I started my Martial Arts journey with Boxing and after several years changed to Judo, in both of these arts competition is a fundamental aspect of the art. No one takes up boxing for some spiritual purpose, no one gets on the Judo mat to practice mindfulness or for health, it is about contact, about fighting. In both of these disciplines sparring is a real necessity if you wish to improve, and sometimes sparring is about learning how to take a beating and get back up, sparring is very rarely play fighting, it is purposeful and usually based around what you do badly and not what you do well, learning how to hang in there, not to lose as opposed to learning how to win. If you are in a good boxing gym or judo dojo with a good trainer or sensei most of your sparring matches are against fitter, faster, stronger more skilful opponents, how else can you expect to learn?

In my 26 years of Wing Chun I have never made meaningful contact with a fellow Wing Chun student, there is nothing radically wrong with this, not to spar is part of what Wing Chun believes in, proper sparring at any rate, and I understand why but it is also not very helpful in the long run so over my Wing Chun years I have touched hands with quite a few people from other arts, usually decent black belts, 2nd or 3rd Dan, quite serious people. The majority of these guys I would touch hands with many times, most were also Chefs so we could spar in our break time {frequently in the fridge so we did not get too sweaty, Chefs are very practical people}, over many sessions with the same guys there were times when I won easily, times when I struggled and times when I quite literally got my arse handed to me, when I later debriefed myself to understand what had gone right or what had gone wrong it, was very rarely my Wing Chun, that remained a constant, it was something else.

In all martial arts there is a lot of chatter about Mind / Body connection, but in times of crisis or stress the body simply over rules the mind, the body makes decisions before the mind even knows that there is a decision to make.  If we take a good hit our body thinks it is in danger and registers fear, anxiety, its response is to give us a shot of adrenalin, this makes us faster, stronger and makes our blood clot quicker, it is a survival response that has nothing to do with the Mind Intelligence, it is all Body Intelligence, it cannot be out thought, it cannot be trained away.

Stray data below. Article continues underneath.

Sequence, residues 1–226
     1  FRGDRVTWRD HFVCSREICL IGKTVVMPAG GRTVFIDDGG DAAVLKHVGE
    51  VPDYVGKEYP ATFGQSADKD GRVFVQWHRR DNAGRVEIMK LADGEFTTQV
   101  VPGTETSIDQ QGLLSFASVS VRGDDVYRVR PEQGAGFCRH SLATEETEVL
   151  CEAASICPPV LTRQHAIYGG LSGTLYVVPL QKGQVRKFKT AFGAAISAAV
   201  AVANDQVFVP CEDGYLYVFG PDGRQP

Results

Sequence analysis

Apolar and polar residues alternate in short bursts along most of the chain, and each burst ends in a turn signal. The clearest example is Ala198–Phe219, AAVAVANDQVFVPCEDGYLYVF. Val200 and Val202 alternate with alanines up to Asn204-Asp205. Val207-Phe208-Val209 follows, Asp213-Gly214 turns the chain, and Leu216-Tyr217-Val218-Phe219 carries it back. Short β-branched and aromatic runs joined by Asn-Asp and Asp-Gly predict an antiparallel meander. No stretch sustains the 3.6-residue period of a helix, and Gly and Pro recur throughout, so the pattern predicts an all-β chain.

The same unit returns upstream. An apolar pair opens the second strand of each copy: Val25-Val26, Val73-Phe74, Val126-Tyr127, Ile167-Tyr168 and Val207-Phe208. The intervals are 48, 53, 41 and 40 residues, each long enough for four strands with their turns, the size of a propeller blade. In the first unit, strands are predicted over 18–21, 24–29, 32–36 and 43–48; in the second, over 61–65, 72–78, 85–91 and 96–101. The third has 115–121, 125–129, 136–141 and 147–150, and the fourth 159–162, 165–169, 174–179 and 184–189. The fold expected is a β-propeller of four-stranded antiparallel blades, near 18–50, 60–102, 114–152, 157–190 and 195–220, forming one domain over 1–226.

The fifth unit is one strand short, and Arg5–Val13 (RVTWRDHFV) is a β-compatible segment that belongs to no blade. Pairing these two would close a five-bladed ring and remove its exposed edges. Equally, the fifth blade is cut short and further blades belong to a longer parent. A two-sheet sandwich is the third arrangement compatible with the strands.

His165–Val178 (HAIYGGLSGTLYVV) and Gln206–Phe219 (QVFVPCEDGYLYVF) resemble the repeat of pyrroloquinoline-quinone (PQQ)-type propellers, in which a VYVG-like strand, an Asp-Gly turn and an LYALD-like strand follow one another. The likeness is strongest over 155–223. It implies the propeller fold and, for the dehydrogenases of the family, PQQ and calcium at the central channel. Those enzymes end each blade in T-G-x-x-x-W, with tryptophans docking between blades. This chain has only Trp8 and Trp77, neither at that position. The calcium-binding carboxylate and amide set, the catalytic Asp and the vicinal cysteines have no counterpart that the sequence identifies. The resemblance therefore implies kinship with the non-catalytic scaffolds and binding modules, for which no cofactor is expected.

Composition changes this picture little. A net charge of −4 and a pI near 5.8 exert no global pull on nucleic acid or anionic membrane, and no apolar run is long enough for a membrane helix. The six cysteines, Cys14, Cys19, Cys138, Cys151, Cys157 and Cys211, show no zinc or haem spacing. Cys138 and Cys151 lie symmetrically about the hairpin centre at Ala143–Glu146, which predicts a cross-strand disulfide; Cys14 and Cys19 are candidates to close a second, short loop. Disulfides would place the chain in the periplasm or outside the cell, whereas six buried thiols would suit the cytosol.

The most obvious effect of adrenalin is nervous energy that makes us move, if for some reason we do not move, our body thinks it under dosed us and gives us another shot, if unneeded this second shot usually brings on a total freeze. 

For Wing Chun students this is really important.


Some Wing Chun schools claim that Wing Chun trains our nervous system, they go on about how doing something over and over brings about perfection, 10,000 hours practice hard wires it into place, this is not true, in fact it is completely false, we cannot train our nervous system because all training is the domain of the Mind Intelligence, the nervous system is Body Intelligence, yes you can thicken and enlarge the neural pathways, lay down more myelin so the information passes more rapidly from brain to body, but in times of stress the body is not listening to the mind, it is too busy saving our ass.

The 10,00 hours rule is a complete pile of something we would rather not step in.

In my sparring experiences no one was seriously trying to hurt anyone but every now and then someone lands a cracker, when it happened to me all of my strategy flew straight out of the window, no matter what I thought I should be doing my body was trying to get out of town on the first available flight.  When I landed a bomb I would instinctively notice the glitch in my partner as his body took control away from his mind and of course I would press in to take advantage of the situation and take a position my partner could not come back from. Our sparring matches usually ended when one person had a position that in a real fight would lead to a beating, that is what happens in the street and it is good to stay aware of it, one wrong step, you get done in.